Let $R$ be a ring and $M$ an $R$-module with a finite free resolution (an “FFR module”). That is, there exists an exact sequence $0\to F_n\to F_{n-1}\to \cdots\to F_0\to M\to 0$ with each $F_i$ a finitely generated free $R$-module. If we denote by $r_i$ the rank of $F_i$, then the Euler characteristic of $M$ is defined to be $\chi(M) = r_0 – r_1 + \cdots + (-1)^nr_n$. One can easily prove that this is independent of the finite free resolution chosen and hence is a well-defined integer. In the post The Alternating Binomial Sum Vanishes we saw that it’s possible to prove that the alternating sum $\sum (-1)^i\binom{n}{i}$ vanishes by using some facts about Euler characteristics together with the Koszul complex.

Today’s problem shows that the Euler characteristic ins’t that interesting for ideals or homomorphic images of rings. First, here are some facts about the Euler characteristic, some of which might be useful for solving the problem:

  1. Any FFR module over a commutative ring has nonnegative Euler characteristic
  2. If an FFR module over a commutative ring has nonzero Euler characteristic, then the annihilator of $A$ is nil
  3. (Stallings) If $A$ is an FFR module with annihilator $I$ then $\chi(A)I = 0$.

We refer to these as Fact 1, Fact 2, and Fact 3.

Problem. If $I$ is a nonzero (!) ideal of a ring $R$ with a finite free resolution, show that $R/I$ also has a finite free resolution and that $\chi(I) = 1$ and $\chi(R/I) = 0$.

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Posted by Jason Polak on 15. October 2014 · Write a comment · Categories: math

If $R$ is a commutative ring and $A$ an $R$ module, let $Z(A)$ denote the zero divisors of $R$ on $A$. In other words, $Z(A) = \{ r\in R : \exists_a(ra = 0) \}$. If $I$ is the annihilator of $A$, then it is known that any prime minimal over $I$ is contained in $A$. In particular, any minimal prime of $R$ is contained in $Z(R)$. (Recall that a prime $P\subset R$ minimal if it does not properly contain any other prime, and $P$ is said to be minimal over $I$ if there is no inclusion $I\subseteq Q\subset P$ with $Q$ another prime.)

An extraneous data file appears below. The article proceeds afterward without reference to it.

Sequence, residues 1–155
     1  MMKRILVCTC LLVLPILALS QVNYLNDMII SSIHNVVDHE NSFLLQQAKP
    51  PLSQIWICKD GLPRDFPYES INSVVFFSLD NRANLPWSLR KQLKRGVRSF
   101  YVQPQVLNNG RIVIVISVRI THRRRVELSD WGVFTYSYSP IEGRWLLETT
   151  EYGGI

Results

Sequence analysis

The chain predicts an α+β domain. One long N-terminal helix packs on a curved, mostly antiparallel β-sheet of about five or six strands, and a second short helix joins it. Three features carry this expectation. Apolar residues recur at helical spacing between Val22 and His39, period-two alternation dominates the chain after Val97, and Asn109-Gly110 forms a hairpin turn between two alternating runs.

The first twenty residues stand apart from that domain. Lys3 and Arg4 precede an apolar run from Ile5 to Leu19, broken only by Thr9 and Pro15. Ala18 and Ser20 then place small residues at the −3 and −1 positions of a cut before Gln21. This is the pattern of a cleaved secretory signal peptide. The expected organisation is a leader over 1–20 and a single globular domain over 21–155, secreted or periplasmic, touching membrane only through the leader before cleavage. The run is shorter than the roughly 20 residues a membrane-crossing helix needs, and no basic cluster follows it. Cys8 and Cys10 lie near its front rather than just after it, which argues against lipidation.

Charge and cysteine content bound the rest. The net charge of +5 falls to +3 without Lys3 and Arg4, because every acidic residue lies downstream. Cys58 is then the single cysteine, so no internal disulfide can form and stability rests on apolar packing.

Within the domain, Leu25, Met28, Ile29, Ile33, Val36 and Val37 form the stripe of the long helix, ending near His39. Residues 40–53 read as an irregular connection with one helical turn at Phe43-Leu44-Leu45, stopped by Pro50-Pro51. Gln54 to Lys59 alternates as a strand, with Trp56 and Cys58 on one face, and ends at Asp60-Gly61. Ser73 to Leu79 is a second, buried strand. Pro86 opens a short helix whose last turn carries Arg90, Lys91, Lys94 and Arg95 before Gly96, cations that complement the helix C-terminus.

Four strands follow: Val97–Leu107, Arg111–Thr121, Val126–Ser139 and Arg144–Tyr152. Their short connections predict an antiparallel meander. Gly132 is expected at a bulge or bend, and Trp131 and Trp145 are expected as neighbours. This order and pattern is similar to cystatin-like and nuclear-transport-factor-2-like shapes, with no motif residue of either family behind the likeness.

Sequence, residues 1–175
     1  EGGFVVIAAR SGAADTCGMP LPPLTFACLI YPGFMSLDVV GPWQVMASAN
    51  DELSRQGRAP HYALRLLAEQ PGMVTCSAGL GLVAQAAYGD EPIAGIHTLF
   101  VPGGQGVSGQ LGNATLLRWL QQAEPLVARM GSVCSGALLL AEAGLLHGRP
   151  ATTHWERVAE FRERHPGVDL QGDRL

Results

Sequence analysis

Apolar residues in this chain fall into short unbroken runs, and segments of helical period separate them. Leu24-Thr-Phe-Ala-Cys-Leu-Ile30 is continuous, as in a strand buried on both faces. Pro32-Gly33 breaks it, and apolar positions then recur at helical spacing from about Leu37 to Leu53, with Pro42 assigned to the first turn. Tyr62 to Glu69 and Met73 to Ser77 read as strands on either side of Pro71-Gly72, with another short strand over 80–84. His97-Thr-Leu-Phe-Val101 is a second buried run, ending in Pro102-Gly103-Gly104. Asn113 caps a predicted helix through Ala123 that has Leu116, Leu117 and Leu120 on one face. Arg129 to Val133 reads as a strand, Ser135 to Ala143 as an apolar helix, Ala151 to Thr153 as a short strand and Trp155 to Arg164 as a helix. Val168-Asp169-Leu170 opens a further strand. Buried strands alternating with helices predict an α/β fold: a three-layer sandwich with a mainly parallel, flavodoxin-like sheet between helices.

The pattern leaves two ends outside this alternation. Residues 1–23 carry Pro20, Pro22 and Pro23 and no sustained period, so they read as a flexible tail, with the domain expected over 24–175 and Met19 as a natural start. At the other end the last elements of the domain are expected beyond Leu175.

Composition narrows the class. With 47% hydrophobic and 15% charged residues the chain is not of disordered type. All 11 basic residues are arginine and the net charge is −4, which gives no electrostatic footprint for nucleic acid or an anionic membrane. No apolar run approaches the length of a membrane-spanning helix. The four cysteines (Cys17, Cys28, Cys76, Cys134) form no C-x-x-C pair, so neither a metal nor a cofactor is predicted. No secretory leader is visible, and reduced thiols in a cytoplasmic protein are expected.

Problem. If $R$ is a ring with no nonzero nilpotent elements, then $Z(R) = \cup_P P$ where $P$ ranges over all the minimal primes of $R$.

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Posted by Jason Polak on 11. October 2014 · Write a comment · Categories: math

Let $R$ be a commutative ring. We say that $R$ is a valuation ring if for any $a,b\in R$, either $a | b$ or $b | a$. For an integral domain $R$, this is equivalent to say that for any nonzero $r$ in the fraction field of $R$, either $r\in R$ or $r^{-1}\in R$.

Examples of valuation rings include discrete valuation rings such as the ring of formal power series $k[[t]]$ for a field $k$ and the ring $\mathbb{Z}_p$ of $p$-adic integers for a prime $p$. Valuation rings also have unique maximal ideals (exercise). Can you think of a valuation ring that is not a discrete valuation ring and not a field? Anyways, here’s the main problem for today:

Problem. Show that every radical ideal in a valuation ring is a prime ideal.

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Posted by Jason Polak on 11. October 2014 · Write a comment · Categories: math, opensource · Tags: ,

Sage is a neat bundle of mathematical software that can be used to do anything from finding class numbers of number fields (like I did to make this graph) to testing whether a finitely presented group is trivial (sometimes…). Typically one works with Sage in a “worksheet” in a web browser, so that it’s easy to organise large numbers of calculations for later reference. Navigating large worksheets, however, might be cumbersome without a table of contents, just like long math papers without a table of contents are hard to read.

In this post, we’ll go over how to (manually) make a table of contents in your Sage worksheet with HTML, with the following example: More »

Posted by Jason Polak on 08. October 2014 · Write a comment · Categories: math

In an effort to keep this blog active, I’ve decided to post some old solutions to various problems I’ve done from books, starting with Kaplansky’s “Commutative Rings”. Hopefully they might be useful to someone learning the subject. I’ve done about half the problems, so it might take a while to post them all, and perhaps posting them will motivate me to do the other half. I won’t necessarily post them all in order, but I will start with the first problem in the book. I encourage readers to try the problem first, and post alternative solutions in the comments! The wording is changed slightly to avoid copyright issues, and I will attempt to provide some background comments to make the post self-contained. All the solutions will be linked to in the Solutions Page for easy reference.

Problem. If every proper ideal in a commutative ring $R$ is prime, show that $R$ is a field.

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Posted by Jason Polak on 01. October 2014 · Write a comment · Categories: math · Tags: ,